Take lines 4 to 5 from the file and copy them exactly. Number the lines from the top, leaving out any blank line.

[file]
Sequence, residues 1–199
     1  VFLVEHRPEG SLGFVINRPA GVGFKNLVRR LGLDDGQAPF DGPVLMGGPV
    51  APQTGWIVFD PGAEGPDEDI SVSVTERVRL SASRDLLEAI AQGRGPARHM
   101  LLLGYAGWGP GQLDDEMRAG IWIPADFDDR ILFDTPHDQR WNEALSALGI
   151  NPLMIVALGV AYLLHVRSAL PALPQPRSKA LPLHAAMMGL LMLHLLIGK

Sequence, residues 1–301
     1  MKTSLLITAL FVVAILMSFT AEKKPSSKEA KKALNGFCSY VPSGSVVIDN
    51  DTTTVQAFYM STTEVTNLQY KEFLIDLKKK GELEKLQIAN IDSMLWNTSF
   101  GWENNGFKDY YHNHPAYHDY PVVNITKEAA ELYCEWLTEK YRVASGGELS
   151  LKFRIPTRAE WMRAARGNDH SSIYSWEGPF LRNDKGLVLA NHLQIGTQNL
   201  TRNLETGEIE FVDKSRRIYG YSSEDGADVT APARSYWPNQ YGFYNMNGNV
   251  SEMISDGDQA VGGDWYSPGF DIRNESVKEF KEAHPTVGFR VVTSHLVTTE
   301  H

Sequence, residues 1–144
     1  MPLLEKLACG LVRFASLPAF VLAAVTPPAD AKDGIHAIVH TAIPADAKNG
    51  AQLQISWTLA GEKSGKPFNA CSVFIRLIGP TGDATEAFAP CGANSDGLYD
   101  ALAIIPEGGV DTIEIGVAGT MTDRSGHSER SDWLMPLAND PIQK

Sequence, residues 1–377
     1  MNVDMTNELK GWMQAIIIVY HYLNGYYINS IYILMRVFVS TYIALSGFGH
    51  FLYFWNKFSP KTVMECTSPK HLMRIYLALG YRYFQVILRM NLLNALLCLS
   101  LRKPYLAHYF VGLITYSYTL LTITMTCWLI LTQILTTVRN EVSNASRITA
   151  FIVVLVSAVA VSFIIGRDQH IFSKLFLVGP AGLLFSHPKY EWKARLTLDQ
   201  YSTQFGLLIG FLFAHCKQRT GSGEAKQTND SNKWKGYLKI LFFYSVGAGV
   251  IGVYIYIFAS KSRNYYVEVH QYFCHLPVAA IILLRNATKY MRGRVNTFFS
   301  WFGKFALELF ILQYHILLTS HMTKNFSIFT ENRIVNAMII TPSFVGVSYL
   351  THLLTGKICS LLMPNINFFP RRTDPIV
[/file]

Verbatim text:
   101  LLLGYAGWGP GQLDDEMRAG IWIPADFDDR ILFDTPHDQR WNEALSALGI
   151  NPLMIVALGV AYLLHVRSAL PALPQPRSKA LPLHAAMMGL LMLHLLIGK